of some sub-sectors is still limited, for example data for the pre-primary level is superficial and it
has also been very difficult to get comprehensive primary school data on orphans and vulnerable
children.40 The available data mainly covers public schools, with selective data being available for
private schools.
Other challenges include the lack of systematic and coordinated participation of other
stakeholders, such as school proprietors and principals, in the collection and preparation of
data. While it could be expected that the Church, through its school secretariat, would be the
main provider of this data, this was not the case, as it was mentioned that the Ministry uses its
discretion concerning the type of data it incorporates in its policy implementation.

38 The lead researcher and the research assistant also experienced difficulties in accessing documents during field work. Some

officials in the ministry kept postponing interviews, while others refused to share information, stating that some data was too
sensitive.
39 United Nations Educational, Scientific and Cultural Organization (UNESCO), Assessing Education Data Quality in the

Southern African Development Community (SADC): A Synthesis of Seven Country Assessments, UNESCO, Regional Bureau for
Education in Africa, March 2010.
40 It was difficult to assess the school performance of orphans and vulnerable children in the national examinations, especially

as the 2011 cohort was the first to write the Cambridge Overseas School Certificate (COSC) examination.

44 PART II Lesotho: Effective Delivery of Public Education Services


Furthermore, the secretariats have weak structures for collecting useful data, and there is no
standard tool for principals to use in order to collect such data.41 Although the EMIS collaborates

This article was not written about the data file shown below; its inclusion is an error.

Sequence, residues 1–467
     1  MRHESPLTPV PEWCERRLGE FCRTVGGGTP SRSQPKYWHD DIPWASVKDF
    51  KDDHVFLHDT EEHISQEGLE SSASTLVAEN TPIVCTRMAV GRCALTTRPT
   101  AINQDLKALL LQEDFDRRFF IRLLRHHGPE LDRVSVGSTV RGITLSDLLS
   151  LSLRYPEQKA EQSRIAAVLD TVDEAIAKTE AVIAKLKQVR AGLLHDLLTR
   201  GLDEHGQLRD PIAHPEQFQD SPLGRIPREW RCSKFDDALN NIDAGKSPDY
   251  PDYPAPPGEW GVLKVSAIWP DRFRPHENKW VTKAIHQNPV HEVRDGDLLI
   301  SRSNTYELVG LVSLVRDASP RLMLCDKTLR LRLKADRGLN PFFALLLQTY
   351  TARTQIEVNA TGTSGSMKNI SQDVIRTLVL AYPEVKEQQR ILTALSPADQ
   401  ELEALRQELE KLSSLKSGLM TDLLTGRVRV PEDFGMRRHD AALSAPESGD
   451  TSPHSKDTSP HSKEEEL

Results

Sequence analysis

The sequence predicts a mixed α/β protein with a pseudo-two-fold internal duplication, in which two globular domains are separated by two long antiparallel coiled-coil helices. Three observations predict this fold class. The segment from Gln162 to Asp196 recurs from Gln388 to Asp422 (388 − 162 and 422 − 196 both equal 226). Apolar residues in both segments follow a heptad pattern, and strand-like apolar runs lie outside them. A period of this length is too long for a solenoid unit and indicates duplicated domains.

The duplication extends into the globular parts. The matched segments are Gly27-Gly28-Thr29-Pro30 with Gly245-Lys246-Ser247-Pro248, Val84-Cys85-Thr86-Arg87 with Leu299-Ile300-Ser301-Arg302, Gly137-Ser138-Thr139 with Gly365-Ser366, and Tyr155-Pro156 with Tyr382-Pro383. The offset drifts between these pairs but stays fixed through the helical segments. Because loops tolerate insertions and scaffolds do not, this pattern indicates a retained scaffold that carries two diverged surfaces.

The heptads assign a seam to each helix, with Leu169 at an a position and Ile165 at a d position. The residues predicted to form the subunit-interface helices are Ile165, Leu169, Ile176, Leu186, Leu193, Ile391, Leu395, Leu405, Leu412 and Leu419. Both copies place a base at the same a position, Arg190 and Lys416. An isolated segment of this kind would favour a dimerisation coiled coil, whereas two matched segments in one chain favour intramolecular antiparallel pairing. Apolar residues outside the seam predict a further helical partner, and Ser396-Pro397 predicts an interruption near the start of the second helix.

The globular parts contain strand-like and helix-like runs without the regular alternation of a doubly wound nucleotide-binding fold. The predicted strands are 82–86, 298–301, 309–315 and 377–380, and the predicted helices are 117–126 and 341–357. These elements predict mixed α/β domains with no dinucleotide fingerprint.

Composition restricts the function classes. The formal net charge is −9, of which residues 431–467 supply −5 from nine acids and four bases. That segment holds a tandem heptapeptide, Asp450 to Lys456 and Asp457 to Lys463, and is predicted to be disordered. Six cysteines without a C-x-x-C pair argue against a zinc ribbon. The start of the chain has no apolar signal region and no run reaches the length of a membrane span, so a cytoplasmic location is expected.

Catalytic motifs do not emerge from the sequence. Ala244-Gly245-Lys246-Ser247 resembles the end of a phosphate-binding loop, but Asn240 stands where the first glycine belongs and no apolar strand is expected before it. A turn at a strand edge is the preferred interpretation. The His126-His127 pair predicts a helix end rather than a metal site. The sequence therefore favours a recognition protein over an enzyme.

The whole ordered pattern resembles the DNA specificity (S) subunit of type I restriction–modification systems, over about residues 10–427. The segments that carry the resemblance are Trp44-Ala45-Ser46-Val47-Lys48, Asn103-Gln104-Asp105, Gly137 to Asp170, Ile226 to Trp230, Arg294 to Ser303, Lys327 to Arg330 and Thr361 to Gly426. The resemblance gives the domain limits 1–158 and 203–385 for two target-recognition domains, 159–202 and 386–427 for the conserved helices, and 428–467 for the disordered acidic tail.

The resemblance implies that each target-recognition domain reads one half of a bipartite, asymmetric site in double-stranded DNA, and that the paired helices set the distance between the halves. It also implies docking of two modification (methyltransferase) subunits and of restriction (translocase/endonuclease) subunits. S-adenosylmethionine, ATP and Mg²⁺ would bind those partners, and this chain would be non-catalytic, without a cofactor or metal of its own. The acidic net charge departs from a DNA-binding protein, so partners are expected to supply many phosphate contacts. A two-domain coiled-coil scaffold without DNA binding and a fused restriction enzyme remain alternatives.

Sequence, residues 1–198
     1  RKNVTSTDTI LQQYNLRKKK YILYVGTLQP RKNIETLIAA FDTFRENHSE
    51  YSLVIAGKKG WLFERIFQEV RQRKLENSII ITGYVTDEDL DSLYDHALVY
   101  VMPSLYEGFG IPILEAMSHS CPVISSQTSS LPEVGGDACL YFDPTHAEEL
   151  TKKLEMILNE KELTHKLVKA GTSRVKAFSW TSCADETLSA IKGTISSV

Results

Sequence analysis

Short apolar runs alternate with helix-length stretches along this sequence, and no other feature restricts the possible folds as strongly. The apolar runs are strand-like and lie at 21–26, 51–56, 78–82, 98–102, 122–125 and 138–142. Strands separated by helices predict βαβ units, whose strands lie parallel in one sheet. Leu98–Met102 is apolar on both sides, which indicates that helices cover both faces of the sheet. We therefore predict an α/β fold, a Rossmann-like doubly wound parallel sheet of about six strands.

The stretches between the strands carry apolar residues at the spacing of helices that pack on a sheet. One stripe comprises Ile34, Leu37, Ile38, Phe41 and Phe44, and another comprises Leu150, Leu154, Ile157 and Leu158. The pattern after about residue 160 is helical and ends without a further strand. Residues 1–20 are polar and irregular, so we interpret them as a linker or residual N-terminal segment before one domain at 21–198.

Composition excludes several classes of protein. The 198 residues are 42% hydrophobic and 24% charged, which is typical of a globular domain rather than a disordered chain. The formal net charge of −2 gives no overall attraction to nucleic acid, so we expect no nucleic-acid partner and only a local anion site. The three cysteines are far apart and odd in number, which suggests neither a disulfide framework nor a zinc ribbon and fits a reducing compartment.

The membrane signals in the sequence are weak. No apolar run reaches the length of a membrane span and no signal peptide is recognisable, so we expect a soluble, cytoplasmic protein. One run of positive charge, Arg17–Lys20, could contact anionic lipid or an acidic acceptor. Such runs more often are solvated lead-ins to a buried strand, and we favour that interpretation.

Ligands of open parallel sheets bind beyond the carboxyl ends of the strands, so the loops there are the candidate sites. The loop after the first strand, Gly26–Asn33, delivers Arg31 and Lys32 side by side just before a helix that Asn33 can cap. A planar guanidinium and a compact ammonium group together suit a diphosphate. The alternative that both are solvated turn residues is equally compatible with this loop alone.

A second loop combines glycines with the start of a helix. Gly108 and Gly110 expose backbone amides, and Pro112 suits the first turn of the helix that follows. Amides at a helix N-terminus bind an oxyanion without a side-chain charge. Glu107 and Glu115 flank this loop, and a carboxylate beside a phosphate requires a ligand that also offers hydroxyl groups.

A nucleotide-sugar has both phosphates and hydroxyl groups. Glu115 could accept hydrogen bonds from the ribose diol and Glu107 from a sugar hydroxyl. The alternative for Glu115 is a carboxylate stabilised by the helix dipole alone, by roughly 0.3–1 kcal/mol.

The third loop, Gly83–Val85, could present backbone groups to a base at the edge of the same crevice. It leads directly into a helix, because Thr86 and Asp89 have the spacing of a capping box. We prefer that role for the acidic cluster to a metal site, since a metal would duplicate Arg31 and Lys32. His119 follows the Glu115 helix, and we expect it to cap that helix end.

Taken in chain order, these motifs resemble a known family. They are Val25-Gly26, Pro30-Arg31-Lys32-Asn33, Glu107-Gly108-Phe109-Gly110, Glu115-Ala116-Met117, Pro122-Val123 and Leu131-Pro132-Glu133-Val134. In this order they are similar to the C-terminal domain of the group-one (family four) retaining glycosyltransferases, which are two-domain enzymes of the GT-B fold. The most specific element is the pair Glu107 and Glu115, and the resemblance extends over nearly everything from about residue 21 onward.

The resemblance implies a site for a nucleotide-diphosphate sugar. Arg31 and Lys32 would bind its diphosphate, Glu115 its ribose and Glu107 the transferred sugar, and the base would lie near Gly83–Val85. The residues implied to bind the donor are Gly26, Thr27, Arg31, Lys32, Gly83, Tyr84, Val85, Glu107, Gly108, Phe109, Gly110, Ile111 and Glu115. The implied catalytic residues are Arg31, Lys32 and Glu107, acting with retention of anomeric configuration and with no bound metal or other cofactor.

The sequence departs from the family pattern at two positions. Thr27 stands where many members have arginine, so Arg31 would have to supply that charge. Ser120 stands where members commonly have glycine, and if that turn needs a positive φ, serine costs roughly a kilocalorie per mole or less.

with the Ministry of Public Service regarding human-resource services such as the training
and recruitment of its staff, it still lacks adequate resources to provide consistent data on time.
Currently, most work is still done manually, but methods of publication and dissemination of
annual education statistics are incrementally moving towards automation.42
The EMIS has been able to produce different products such as the annual Year Book and
the Ministry of Education and Training Statistics Bulletin, whose main end users include donors,
researchers, Members of Parliament (MPs) and government departments. The accessibility of
this data is very questionable, as, during the field work for this study, EMIS officers on many
occasions mentioned that they could not provide information because they were not allowed to
disclose sensitive information. The State Library has a section that is supposed to store historical
records and national policies, but such data from the MoET is not found there. Nonetheless, the
MoET website has some data which can be accessed freely, while some statistics can be accessed
from the BOS website statistical reports. The data from the BOS is disaggregated by sex, age and
geographical location; similarly, discussions on education-related legislation are freely accessed
from the National Assembly’s Hansard records.

B. Monitoring and evaluation


The Education Act 1995 paved the way for more participation by churches and parents in the
delivery of education services. This led to the establishment of school advisory and management
committees, with the MoET, churches and parents being represented thereon. This move
indirectly shaped the role of the Church and the state in the management of schools. With
support from the International Development Association (IDA), these committees were trained
in order to enable them to perform their new management roles effectively. However, such
roles do not include inspection, as this is the sole responsibility of the Department of Field
Inspectorate. In the same manner, the dualistic nature of school ownership makes it difficult for
non-state actors to play a role in monitoring and evaluation. Needless to say, it is also true that
these committees lack capacity to monitor the system, as most members are not nominated on
the basis of any professional training.
There are different departments that are mandated to monitor and supervise teaching at
different levels. There is a district resource teacher unit based on subject clusters such as English,
and there are field inspectorate staff (primary) at district level for the ten districts of Lesotho. At
this level, there are three inspectors: one for special education, one for feeding schemes, and one
for the supply of teaching and learning materials.43
Unlike the primary-school inspection system, secondary-school inspection is not